3 Reasons Why You Need to Rethink Your Post-Race Refueling Window

By SGX Coach Anne L’Heureux, RD, LD

You are no doubt familiar with this experience.

With slightly more than 8 miles behind me, I round the corner out of the woods to see only a cargo net, the slip wall, and the glorious fire jump between me and the finish line.

Little did I know today would be different. Today I would take my first ever podium finish—third place. (I finished less than 60 seconds behind the lead.) I cannot describe the feelings of satisfaction, knowing that my mental strength, consistent training, and proper nutrition had come together and paid off.

Once I got done with the photos, handshakes, and congrats from my fellow racers and supportive family and friends, I headed towards the familiar site of ample refueling supplies at the finish. Bananas and bars and refueling drinks were abundant, but today I just couldn’t do it. The combination of a hard push through the entire race, coupled with the heat and humidity of mid-August would not allow me to take anything in. The mere thought was nauseating.

So, I set my sights on a cool shower and dry clothes, knowing that there was still time to take advantage of my post-race refueling window.

What is the post-race refueling window?

Also known as the Anabolic Phase, this 45-minute post-exercise recovery period is a Spartan racer’s secret to constant improvement.

Here are 3 quick reasons why you might want to put a little more thought into your window.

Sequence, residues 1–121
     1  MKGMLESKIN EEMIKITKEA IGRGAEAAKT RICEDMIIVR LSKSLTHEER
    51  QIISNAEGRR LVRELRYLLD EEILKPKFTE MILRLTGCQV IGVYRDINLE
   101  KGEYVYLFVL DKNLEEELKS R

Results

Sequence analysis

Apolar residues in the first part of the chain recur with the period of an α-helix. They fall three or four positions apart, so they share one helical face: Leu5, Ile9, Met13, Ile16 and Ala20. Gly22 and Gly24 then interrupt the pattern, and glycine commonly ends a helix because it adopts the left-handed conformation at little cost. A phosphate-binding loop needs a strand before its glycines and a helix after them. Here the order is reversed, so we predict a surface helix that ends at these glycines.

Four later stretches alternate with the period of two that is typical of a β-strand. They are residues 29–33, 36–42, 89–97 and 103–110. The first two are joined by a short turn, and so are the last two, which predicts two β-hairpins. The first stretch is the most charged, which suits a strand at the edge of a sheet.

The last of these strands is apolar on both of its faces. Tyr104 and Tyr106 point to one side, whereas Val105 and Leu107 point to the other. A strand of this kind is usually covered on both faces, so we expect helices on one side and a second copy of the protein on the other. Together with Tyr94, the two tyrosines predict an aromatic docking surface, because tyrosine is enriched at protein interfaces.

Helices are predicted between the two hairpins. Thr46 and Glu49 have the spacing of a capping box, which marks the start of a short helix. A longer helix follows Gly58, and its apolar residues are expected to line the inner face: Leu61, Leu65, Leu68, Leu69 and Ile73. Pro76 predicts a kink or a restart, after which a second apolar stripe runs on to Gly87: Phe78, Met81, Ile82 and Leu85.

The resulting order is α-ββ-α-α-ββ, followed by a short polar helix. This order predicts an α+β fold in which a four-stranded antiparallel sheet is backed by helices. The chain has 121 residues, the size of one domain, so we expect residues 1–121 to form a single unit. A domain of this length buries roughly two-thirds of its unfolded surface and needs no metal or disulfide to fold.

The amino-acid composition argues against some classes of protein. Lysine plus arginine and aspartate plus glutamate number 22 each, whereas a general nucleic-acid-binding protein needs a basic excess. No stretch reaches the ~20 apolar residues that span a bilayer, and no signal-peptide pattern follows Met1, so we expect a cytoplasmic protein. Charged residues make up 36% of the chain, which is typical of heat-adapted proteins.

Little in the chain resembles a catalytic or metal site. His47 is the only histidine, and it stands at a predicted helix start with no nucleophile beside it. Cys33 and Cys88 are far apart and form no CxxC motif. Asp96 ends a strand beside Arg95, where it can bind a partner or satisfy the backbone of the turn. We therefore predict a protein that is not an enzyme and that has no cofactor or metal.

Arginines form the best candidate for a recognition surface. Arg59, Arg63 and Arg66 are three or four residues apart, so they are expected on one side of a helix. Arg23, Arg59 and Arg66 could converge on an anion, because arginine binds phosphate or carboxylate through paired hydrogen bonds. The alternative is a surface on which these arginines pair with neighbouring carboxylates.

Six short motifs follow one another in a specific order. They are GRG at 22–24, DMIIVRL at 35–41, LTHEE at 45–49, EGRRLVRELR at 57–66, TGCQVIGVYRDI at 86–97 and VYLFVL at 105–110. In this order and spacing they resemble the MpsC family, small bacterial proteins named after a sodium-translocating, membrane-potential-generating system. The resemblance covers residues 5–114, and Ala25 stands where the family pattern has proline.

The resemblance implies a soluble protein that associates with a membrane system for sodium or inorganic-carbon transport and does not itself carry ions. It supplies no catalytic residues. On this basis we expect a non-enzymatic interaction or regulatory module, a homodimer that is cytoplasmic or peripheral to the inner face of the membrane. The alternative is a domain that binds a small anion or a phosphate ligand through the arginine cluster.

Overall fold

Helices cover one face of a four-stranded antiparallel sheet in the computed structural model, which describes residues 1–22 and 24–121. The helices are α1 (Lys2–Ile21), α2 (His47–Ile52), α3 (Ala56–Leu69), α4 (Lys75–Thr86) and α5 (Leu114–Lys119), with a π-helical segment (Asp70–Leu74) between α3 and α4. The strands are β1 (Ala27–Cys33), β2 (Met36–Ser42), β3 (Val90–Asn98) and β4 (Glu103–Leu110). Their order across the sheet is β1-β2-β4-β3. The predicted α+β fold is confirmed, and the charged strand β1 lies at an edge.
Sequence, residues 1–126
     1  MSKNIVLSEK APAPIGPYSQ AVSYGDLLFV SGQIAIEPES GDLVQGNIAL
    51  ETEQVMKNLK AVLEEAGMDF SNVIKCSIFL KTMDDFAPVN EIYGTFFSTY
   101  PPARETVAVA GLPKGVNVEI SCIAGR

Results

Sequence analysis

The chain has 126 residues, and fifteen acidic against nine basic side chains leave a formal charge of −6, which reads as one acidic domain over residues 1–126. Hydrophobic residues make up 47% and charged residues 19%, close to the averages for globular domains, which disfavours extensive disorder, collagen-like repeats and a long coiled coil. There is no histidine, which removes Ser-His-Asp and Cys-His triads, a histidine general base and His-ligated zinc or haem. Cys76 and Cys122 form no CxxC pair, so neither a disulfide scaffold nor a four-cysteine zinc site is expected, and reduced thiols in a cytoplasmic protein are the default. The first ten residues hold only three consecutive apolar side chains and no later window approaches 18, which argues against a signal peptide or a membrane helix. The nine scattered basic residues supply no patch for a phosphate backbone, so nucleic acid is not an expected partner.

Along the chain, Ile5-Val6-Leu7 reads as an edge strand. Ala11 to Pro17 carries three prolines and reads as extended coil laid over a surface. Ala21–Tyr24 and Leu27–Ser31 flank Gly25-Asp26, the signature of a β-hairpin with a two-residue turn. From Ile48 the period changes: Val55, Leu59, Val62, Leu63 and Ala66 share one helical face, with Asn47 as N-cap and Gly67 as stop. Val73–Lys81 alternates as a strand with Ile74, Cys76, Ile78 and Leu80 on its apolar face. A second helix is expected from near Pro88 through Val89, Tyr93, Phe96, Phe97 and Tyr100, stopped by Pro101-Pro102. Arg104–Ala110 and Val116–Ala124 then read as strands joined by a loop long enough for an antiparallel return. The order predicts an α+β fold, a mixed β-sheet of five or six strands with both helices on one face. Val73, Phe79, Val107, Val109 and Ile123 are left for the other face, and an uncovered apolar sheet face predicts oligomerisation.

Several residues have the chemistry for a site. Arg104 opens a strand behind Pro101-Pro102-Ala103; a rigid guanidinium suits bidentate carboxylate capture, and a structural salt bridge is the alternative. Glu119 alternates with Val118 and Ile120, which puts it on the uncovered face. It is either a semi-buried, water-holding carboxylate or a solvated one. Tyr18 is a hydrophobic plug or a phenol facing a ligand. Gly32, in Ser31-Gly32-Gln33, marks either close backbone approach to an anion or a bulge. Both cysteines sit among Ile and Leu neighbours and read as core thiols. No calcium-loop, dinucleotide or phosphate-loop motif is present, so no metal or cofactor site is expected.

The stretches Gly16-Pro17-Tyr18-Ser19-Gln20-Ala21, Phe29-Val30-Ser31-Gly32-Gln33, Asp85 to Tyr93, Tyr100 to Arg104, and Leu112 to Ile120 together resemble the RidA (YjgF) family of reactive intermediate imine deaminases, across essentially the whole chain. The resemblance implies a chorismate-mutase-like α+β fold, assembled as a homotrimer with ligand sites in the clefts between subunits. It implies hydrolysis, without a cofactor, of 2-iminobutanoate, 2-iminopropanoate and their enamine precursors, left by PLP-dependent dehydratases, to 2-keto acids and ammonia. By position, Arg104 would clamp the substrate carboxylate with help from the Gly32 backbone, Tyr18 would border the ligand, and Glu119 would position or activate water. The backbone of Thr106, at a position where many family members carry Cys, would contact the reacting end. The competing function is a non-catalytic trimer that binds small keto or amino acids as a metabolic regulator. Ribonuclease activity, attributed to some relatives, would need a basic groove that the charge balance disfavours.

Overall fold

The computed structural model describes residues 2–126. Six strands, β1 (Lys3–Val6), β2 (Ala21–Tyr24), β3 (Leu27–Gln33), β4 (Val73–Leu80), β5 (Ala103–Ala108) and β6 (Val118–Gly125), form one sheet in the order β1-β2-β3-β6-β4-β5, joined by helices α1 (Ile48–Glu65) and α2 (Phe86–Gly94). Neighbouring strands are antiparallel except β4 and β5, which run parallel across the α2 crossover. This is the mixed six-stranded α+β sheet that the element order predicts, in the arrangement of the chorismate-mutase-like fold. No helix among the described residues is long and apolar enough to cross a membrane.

1. Promoting muscle anabolism

As soon as we start a race or an intense workout session, the breakdown begins. And the longer and more intense the session, the more extensive the damage.

This is a double edged sword, because that same damage also builds us up to be stronger in the long run. But continued damage without supporting regrowth is counterproductive.

We need to take advantage of the 45 minute post-activity window to assist muscle recovery and regrowth.

Muscle catabolism (breakdown) occurs as the body fuels the demands of physical activity. During this process, the body is using up what you provided it for fuel before the workout as well as what it had stored for reserves. After a long and difficult workout, these fuels eventually become depleted. You can see this during a race (especially a Super or Beast) and definitely after the race.

During long, high-intensity activity, several things happen:

  1. ATP and Creatine Phosphate levels are depleted.
  2. Muscle glycogen is reduced.
  3. Cortisol (a hormone that contributes to muscle breakdown) levels are elevated
  4. Epinephrine and Norepinephrine are elevated. (These hormones stimulate fat, liver, and muscle glycogen breakdown.)
  5. Free radicals attack muscle structure, causing continued damage for hours post-activity.

If we were just in it for one strong workout, we wouldn’t be so concerned. But we are looking to put our body to the test routinely throughout the week, so we need the right hormones functioning to our benefit. I’m thinking specifically of insulin, which goes to work immediately after you ingest carbs. To help rebuild muscle, it’s also useful to ingest amino acids (Ivy and Portman, 2004).

2. Decreasing Inflammation

Some of the soreness we feel after a hard workout is due to inflammation that follows muscle tears and other tissue breakdown. As the body recruits cells to the site of this damage, the cycle of inflammation continues, and the inflammation increases. Then, the body then works to create new proteins to help rebuild muscle.